Use the following persistent identifier: http://nrs.harvard.edu/urn-3:hul.ebook:CHS_WinklerD.Ankle_and_Ankle_Epithets_in_Archaic_Greek_Verse.1977.
Ἁγησιχ[ό]ρ[α] πάρ’ αὐτεῖ,
Ἀγιδοῖ …. αρμένει
θωστήρ[ιά τ’] ἅμ’ ἐπαινεῖ
The appearance of the adjective καλλίσφυρος contributes to the mystery. It is the only adjective describing Hagesichora in the poem, and its significance is all but clear. The word appears nowhere else in extant lyric poetry. Why is Hagesichora at this dramatic moment καλλίσφυρος? What importance does the adjective have for its context? Does its use reflect a specific intention, or is it necessary to accept it as lacking any independent meaning in the poem?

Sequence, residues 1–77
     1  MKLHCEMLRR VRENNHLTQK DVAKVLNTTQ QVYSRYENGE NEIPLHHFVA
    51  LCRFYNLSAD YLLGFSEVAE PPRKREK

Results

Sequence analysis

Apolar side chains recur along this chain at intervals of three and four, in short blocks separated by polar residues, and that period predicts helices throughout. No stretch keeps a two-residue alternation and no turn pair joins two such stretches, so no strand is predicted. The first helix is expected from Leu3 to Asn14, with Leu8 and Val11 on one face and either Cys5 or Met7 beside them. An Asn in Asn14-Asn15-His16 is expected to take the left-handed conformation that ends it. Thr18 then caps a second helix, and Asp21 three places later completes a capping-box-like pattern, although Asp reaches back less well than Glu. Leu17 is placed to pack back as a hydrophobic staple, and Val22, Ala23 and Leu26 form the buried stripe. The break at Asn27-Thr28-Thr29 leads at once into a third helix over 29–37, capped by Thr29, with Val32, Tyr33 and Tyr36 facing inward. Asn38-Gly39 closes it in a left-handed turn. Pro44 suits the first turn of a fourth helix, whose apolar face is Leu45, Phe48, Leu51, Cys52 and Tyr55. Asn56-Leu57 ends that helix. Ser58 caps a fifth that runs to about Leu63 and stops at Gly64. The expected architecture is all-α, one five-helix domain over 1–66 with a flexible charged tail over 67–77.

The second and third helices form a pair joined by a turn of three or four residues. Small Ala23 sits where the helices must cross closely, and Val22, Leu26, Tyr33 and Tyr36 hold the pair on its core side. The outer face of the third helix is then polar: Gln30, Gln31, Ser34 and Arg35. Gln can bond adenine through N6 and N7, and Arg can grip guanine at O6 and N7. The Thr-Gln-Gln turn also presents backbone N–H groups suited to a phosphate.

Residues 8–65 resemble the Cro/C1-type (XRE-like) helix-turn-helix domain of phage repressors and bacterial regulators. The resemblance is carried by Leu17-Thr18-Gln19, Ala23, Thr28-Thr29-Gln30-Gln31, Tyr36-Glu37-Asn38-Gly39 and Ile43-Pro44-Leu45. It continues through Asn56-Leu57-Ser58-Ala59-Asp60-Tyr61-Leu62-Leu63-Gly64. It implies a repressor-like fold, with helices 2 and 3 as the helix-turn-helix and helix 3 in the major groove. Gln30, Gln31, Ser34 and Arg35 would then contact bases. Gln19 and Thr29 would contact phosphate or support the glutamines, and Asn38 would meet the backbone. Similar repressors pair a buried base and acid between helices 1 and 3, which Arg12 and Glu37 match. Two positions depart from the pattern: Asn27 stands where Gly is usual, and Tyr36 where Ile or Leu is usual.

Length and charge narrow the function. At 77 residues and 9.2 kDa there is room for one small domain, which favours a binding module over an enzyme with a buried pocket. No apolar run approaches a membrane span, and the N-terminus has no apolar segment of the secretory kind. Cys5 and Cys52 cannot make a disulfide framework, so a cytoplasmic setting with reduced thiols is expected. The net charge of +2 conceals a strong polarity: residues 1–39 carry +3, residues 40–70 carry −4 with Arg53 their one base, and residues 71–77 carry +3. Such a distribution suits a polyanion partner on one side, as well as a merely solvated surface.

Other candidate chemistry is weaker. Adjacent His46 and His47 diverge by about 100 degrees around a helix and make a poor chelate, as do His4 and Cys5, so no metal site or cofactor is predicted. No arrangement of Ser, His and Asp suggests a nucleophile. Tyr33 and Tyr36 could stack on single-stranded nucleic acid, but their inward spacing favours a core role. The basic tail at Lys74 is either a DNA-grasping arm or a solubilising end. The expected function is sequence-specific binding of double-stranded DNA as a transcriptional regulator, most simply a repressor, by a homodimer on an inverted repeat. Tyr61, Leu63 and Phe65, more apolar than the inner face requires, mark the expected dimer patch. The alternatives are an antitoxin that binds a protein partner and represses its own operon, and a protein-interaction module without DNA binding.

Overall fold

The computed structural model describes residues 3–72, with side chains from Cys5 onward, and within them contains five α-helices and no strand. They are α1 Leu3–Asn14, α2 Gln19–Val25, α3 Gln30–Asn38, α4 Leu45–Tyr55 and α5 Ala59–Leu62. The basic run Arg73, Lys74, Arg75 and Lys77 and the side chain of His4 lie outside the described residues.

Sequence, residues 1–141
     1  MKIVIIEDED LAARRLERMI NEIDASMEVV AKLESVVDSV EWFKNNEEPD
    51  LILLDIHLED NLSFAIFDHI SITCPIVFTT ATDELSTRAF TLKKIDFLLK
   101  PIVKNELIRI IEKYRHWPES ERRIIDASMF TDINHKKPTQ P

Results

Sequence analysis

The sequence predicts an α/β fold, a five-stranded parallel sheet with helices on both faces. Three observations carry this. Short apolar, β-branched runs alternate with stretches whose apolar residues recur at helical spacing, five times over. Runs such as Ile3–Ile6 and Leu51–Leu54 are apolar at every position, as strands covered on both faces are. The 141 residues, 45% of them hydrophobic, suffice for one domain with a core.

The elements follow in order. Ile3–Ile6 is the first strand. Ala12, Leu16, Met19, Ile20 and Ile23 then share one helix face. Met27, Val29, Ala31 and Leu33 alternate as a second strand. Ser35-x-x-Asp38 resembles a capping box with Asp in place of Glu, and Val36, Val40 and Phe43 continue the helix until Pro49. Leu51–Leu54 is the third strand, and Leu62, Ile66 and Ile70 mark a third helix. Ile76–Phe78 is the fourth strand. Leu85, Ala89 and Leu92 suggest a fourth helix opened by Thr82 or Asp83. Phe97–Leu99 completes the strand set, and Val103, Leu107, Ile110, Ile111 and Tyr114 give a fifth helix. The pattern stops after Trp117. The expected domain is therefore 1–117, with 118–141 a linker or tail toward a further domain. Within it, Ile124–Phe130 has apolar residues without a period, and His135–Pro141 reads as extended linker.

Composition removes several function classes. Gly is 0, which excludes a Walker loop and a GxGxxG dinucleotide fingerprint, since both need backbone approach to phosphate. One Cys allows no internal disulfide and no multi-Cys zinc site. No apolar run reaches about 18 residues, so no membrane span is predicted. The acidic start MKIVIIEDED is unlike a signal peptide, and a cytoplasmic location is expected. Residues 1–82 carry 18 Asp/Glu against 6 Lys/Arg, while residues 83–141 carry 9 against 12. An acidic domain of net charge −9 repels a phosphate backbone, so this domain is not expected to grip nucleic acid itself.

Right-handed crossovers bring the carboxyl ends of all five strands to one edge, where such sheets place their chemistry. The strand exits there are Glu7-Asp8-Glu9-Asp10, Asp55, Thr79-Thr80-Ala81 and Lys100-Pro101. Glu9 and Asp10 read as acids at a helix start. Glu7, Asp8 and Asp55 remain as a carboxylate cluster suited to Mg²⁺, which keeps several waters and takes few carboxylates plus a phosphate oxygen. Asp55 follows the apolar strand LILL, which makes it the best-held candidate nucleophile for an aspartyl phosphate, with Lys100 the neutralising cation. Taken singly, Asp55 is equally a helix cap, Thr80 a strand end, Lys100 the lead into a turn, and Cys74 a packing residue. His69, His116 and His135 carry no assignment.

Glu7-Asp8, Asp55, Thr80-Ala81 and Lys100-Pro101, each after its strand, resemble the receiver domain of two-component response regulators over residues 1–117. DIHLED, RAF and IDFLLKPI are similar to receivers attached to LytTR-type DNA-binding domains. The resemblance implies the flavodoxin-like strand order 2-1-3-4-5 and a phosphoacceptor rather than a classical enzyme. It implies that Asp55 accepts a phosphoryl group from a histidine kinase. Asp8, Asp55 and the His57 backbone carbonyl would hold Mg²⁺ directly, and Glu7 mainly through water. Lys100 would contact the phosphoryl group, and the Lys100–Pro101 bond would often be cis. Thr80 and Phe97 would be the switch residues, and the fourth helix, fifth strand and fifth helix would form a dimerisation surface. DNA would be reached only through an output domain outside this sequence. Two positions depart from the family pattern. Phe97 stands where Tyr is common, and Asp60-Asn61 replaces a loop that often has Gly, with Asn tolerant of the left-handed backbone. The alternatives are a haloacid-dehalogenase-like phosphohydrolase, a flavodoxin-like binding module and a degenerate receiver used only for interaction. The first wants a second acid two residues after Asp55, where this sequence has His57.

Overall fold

If a word has no apparent significance for its context, if its use seems to make no sense, this can only be, Parry argues, because it has no specific meaning at all.